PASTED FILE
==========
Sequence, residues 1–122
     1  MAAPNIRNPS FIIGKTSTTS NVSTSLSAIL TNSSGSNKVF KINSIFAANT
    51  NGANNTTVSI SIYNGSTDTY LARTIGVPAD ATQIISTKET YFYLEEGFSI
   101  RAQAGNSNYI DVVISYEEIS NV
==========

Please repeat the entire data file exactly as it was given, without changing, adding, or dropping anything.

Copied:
Sequence, residues 1–122
     1  MAAPNIRNPS FIIGKTSTTS NVSTSLSAIL TNSSGSNKVF KINSIFAANT
    51  NGANNTTVSI SIYNGSTDTY LARTIGVPAD ATQIISTKET YFYLEEGFSI
   101  RAQAGNSNYI DVVISYEEIS NV